Selling a home can be really exciting when you’re getting viewings and offers. But when things go quiet and you find yourself trying to remember when your last viewing was, it can be disheartening.
If you ask your estate agent for their advice to improve the interest in your home, they’ll almost always suggest a price drop.
But not us. Here’s why:
No one wants a house that no one wants to buy – If a house is dropped in price, over and over again, people begin asking questions. Why hasn’t it sold so far? What’s wrong with it? Why the dramatic price drops? Their image of the house won’t be rosy and optimistic; it will begin to look like a sale item. While your home may suddenly attract a few extra viewings, they’ll be walking around your house looking for the pessimistic side of your four walls, and wondering why it wasn’t snapped up already.
We want to feel we’re buying something special and premium – not bargain-basement– even though when it comes to many material goods, many of us love a good bargain, it’s different when it comes around to property. With a long term investment, we want to feel like we’re buying in to something worthwhile and valuable, and often budgets are blown and overspent when purchasing the dream property. If a price is assertive and optimistic, it means it is being sold for what it is worth. Drop your asking price, and the quality of it will suddenly seem a little dented. Surprising, but true.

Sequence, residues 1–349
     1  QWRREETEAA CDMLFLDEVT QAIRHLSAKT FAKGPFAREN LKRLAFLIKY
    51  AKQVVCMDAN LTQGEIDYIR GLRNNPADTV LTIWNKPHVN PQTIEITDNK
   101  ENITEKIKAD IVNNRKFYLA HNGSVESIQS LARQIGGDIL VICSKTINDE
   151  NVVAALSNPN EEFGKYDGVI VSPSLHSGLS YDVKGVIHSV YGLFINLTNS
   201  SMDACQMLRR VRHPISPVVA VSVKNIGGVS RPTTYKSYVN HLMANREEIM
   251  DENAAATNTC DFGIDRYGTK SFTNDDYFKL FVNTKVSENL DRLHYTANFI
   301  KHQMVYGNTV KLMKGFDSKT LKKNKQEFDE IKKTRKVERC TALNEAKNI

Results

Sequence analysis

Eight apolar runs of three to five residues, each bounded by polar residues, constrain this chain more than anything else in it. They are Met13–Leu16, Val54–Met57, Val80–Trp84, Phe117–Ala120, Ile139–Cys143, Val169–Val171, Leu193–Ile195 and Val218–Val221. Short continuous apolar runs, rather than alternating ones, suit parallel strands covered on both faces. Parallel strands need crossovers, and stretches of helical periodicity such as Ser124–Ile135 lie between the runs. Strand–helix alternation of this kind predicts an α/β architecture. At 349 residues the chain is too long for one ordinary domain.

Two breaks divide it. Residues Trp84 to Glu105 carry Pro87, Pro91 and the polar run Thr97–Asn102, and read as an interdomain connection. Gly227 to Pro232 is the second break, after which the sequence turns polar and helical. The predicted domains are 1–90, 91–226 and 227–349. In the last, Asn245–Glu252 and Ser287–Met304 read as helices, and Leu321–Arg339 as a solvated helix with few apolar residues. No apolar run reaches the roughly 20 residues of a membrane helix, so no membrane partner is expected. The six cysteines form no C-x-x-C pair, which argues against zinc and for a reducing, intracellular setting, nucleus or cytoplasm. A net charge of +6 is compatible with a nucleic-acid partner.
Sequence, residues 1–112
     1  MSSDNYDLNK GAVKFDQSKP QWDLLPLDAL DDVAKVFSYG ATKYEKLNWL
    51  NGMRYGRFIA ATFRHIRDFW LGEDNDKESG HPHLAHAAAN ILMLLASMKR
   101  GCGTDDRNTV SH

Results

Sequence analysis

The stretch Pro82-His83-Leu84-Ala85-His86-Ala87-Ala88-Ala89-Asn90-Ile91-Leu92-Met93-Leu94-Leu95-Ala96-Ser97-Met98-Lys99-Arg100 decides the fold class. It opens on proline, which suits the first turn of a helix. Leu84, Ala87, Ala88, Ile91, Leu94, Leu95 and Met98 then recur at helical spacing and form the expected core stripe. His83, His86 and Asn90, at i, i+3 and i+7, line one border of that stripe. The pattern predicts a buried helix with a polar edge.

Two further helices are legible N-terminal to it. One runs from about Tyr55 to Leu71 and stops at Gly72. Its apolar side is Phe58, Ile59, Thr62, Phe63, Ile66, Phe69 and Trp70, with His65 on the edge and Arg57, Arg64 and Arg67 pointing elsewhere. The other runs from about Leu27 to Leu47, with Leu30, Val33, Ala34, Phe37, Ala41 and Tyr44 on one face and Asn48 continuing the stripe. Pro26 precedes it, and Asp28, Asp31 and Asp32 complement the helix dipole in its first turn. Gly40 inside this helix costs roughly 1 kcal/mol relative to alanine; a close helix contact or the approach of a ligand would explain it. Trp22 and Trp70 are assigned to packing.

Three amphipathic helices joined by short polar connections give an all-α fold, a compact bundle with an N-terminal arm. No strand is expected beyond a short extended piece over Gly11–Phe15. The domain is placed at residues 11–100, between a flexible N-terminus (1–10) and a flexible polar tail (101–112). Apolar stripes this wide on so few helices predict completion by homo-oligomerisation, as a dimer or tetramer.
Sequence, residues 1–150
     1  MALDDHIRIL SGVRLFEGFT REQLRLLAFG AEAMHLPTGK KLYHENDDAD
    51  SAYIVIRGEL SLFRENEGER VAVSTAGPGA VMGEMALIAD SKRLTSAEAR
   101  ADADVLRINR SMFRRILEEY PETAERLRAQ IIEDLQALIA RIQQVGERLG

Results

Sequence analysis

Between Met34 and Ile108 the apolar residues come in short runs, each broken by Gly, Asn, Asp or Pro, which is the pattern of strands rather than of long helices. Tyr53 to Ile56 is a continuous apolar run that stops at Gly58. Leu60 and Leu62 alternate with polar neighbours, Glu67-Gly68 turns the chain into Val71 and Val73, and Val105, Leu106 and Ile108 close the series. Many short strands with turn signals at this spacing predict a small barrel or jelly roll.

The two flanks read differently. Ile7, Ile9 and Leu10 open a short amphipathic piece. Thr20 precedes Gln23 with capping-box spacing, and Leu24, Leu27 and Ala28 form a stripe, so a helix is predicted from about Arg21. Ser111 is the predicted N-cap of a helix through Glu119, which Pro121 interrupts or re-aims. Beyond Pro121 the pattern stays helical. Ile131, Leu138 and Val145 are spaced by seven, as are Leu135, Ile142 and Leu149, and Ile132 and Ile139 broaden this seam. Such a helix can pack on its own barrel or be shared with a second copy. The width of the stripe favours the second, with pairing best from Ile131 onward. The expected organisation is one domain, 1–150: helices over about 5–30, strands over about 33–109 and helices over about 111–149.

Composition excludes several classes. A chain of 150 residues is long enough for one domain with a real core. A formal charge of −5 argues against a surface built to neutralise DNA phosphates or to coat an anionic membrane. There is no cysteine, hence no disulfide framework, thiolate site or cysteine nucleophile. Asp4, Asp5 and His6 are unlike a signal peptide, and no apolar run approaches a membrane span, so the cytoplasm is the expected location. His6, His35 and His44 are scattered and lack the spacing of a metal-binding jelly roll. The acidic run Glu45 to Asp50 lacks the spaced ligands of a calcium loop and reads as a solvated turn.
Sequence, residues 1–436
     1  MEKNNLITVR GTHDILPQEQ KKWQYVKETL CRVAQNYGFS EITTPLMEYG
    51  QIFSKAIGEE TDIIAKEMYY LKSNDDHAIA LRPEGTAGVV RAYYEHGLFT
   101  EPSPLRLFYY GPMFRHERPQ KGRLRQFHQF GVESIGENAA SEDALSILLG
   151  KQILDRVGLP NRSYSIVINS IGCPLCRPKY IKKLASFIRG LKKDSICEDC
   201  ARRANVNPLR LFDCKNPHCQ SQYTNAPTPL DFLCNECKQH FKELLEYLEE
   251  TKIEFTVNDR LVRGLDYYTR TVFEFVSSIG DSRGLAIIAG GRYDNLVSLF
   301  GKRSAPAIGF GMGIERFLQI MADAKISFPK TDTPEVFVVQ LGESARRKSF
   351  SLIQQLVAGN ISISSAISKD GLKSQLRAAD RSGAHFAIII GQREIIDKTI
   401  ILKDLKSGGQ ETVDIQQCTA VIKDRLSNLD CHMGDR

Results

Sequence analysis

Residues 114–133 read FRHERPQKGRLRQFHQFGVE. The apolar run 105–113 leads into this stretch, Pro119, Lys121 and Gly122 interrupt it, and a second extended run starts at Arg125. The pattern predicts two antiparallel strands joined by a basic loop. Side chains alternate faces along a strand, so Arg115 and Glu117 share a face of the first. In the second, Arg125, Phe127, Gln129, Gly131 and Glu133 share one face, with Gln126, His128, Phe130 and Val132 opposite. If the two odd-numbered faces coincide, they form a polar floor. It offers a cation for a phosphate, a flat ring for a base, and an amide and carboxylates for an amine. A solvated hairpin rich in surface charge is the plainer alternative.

A lack of confidence in your asking price leads to a lack of confidence in an offer – If shares were falling on something, would you buy them? The same can be said for property; do you want to put in an offer on something that seems to be decreasing in value? A drop in price indicates a lack of confidence in your own home and its original price. If you want to instill confidence in your buyer, show confidence in your own home.
Are you thinking of dropping your asking price, or is your agent persuading you to do so? It could be time to reconsider. We’d love to have a frank chat with you, and tell you whether, in our opinion, a price drop is necessary, or to be avoided.